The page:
- 70th Anniversary of the 1945 ETO World Series (PDF) – Sep/Oct 2015 Baseball in Wartime newsletter by Gary Bedingfield
- Leon Day: The 1945 G.I. World Series – by Gary Cieradkowski
- When Baseball Went to War – Edited by Todd Anton and Bill Nowlin, 2008 Triumph Books
A few months ago, I was contacted by a college professor, Peter Dreier of Occidental College, who was seeking information, documents, data or photographs that would be beneficial to his research pertaining to the European Theater of Operations (ETO) World Series games played between the 71st Infantry Division Red Circlers and the OISE All-Stars teams at Nuremberg Stadium. Sadly, I didn’t have a single shred in terms of new details or insight that could be of assistance in his effort to create a presentation (for the Baseball Hall of Fame Symposium) or to his book project regarding Sam Nahem and his decision to fill his Overseas Invasion Service Expedition (OISE) All-Stars roster with the best baseball players he could find.
At a time when Jim Crow laws and sentiments were still very pervasive in our country, the sting of segregation faced by people of color was also very prevalent in the armed forces. When I served in the 1980s and 90s, all signs of segregation were effectively eliminated and everyone whom I had the honor to serve with was and remains a brother. While I do not deny that there existed (during my time in uniform) residual-yet-waning effects of racism within the ranks, I personally witnessed hearts and minds transformed as we pulled together as a team. It is difficult to fathom what existed during World War II in that Americans couldn’t serve together. Segregated units (for both African Americans and Japanese Americans) was the standard for the armed forces – with ground and aviation troops in particular. It was a terribly irony that any American would enlist to fight against tyrannical and horribly racist nations only to face returning home to racial separation and bigotry. As was with Branch Rickey and Jackie Robinson pioneering change within professional baseball, so too was were men like Nahem and others with the game within the ranks.
In respecting Mr. Dreier’s work and efforts and not to steal the thunder surrounding his book regarding Nahem, I will do my best to avoid giving anything away regarding his project. One facet of Peter’s work will center on Sam Nahem’s pulling together of the team which including the potentially controversial decision to include African American servicemen onto the team. Though some would assert that adding the likes of Willard Brown and Leon Day to the OISE rosters was the first instance of an integrated ballclub, instead it was part of the beginning of turning the tide for integration (Jackie Robinson, a WWII veteran and former U.S. Army officer and star of the negro leagues would sign with the Brooklyn Dodgers after the end of the 1945 major league baseball season). In the summer of 1944, Hal Harrison would join major leaguers the likes of Joe DiMaggio, Dario Lodigiani, Walter Judnich, Myron McCormick, Charles Silvera, and John Winsett on the 7th Army Air Forces baseball and Army All Star teams in the Hawaiian Central Pacific League.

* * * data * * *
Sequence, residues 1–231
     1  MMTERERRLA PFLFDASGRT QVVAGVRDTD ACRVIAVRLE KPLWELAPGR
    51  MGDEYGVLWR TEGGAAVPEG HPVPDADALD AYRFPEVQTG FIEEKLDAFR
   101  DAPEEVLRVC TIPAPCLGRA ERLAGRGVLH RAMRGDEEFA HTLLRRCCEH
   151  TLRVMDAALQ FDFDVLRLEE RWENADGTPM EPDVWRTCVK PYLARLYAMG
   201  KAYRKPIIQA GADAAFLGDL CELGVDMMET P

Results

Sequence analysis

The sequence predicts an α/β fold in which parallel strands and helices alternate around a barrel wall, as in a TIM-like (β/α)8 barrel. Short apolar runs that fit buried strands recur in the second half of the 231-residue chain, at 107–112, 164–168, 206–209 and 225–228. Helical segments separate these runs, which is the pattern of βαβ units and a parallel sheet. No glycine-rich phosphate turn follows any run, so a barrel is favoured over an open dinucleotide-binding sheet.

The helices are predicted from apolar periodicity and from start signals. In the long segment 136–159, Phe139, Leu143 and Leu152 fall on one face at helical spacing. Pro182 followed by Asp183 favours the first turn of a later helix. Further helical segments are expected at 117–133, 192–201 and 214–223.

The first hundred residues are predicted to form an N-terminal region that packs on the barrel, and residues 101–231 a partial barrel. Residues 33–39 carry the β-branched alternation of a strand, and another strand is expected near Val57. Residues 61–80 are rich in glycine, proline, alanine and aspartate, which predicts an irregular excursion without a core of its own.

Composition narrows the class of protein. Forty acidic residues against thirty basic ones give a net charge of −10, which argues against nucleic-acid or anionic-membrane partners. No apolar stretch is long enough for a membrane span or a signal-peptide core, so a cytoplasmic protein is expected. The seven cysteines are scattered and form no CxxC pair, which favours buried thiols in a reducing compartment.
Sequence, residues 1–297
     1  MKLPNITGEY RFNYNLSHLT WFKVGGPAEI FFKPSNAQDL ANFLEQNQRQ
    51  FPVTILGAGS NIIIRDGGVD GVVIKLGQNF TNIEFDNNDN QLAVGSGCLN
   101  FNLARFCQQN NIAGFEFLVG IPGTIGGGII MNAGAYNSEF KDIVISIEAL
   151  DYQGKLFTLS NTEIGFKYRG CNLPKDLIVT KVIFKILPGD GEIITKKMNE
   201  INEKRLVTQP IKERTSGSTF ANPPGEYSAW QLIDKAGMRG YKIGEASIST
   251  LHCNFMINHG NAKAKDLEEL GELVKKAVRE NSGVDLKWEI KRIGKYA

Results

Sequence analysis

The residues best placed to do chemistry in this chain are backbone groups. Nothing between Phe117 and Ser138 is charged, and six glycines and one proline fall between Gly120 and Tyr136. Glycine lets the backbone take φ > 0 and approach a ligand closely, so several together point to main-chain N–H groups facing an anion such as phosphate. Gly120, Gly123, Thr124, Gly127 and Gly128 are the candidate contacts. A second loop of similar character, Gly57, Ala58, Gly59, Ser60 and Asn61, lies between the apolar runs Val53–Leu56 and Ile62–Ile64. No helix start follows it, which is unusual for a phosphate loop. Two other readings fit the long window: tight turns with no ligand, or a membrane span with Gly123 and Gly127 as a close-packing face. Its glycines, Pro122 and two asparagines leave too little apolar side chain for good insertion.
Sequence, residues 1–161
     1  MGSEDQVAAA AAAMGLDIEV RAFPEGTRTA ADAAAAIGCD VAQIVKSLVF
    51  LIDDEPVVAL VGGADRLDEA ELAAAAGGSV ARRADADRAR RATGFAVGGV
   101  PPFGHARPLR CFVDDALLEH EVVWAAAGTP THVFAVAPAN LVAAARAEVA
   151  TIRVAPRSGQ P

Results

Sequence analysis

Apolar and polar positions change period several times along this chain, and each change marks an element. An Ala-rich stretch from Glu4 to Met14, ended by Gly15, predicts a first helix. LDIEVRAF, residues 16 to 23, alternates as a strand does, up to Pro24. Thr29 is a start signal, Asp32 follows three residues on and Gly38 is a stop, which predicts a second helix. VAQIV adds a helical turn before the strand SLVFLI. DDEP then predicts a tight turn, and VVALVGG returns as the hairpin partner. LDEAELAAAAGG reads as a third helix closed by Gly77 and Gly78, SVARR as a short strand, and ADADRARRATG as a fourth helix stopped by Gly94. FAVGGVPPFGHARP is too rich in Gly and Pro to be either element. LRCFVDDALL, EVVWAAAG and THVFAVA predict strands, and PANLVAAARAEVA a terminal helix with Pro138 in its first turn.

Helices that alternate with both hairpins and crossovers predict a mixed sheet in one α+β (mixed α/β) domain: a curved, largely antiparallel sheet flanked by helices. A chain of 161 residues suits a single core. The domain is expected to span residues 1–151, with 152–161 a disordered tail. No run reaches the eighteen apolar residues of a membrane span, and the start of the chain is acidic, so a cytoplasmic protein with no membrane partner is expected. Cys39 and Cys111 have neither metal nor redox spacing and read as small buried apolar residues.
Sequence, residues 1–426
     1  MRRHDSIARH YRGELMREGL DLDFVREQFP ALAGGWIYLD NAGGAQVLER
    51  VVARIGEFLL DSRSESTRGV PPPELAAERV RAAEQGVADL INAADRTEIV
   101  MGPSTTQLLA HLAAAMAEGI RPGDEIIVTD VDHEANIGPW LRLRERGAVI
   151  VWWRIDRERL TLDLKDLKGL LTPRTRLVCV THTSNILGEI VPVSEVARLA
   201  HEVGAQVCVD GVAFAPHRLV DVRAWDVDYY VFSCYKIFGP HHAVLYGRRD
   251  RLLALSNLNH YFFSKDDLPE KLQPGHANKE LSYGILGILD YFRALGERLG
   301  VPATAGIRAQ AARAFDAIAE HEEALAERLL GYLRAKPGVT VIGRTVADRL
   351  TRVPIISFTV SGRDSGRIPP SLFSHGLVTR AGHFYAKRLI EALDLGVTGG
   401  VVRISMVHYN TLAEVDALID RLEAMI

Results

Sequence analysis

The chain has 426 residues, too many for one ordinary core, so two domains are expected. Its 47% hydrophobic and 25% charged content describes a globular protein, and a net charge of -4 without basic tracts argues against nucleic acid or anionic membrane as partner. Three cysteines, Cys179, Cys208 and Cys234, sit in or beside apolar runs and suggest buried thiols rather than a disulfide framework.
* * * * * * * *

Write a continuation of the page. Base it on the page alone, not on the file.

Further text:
The ETO Series was a best three of five games that went the distance. The OISE All Stars were, by comparison to their competition, a cobbled together group of semi-pro, minor and negro league talent that faced off against the formidable Red Circlers who were stocked with two former major leaguers, Johnny Wyrostek and Herb Bremer along with six veteran minor leaguers (the 71st was so talented that the roster featured fifteen players who possessed professional league talent and played on minor or major league teams either before or/and after the war). Following the game 1 blowout of the OISE men, the series could have easily appeared to be a lopsided sweep with the Red Circlers plowing through their second consecutive serious, effortlessly (the 71st swept the champions of the 7th Army, the Blue and Greys of the 29th Infantry Division in three games, just a few weeks prior).
Overseas Invasion Service Expedition (OISE) All-Stars
On the heels of the 9-2 rout on September 2, 1945, starting pitcher, Leon Day was given the task to turn the tide and did so tossing a complete game, 2-1 four-hit victory to even the series at a game a piece on September 3rd. The OISE team would claim the ETO championship before heading to Leghorn, Italy to take on the Mediterranean Theater champs, the 92nd Division. The Nahem, Brown and Day’s squad swept the 92nd routing them in three games, 19-6, 20-5 and 13-3. Day was a 10-year veteran of the Negro National League before entering the Army in 1943. Leon Day had compiled a 24-14 record with Baltimore, Brooklyn, Homestead and Newark before donning his OISE flannels after hostilities ended in Germany. By the time Day hung his spikes, he began a long wait from Cooperstown that would come 42 years later following veterans committee vote. Just seven days later, Day would pass away on March 14, 1995. Day’s OISE teammate and fellow Negro League veteran, Willard Brown would join him in Cooperstown eleven years later though Brown didn’t live long enough to see his election having passed a little more than a year after Leon.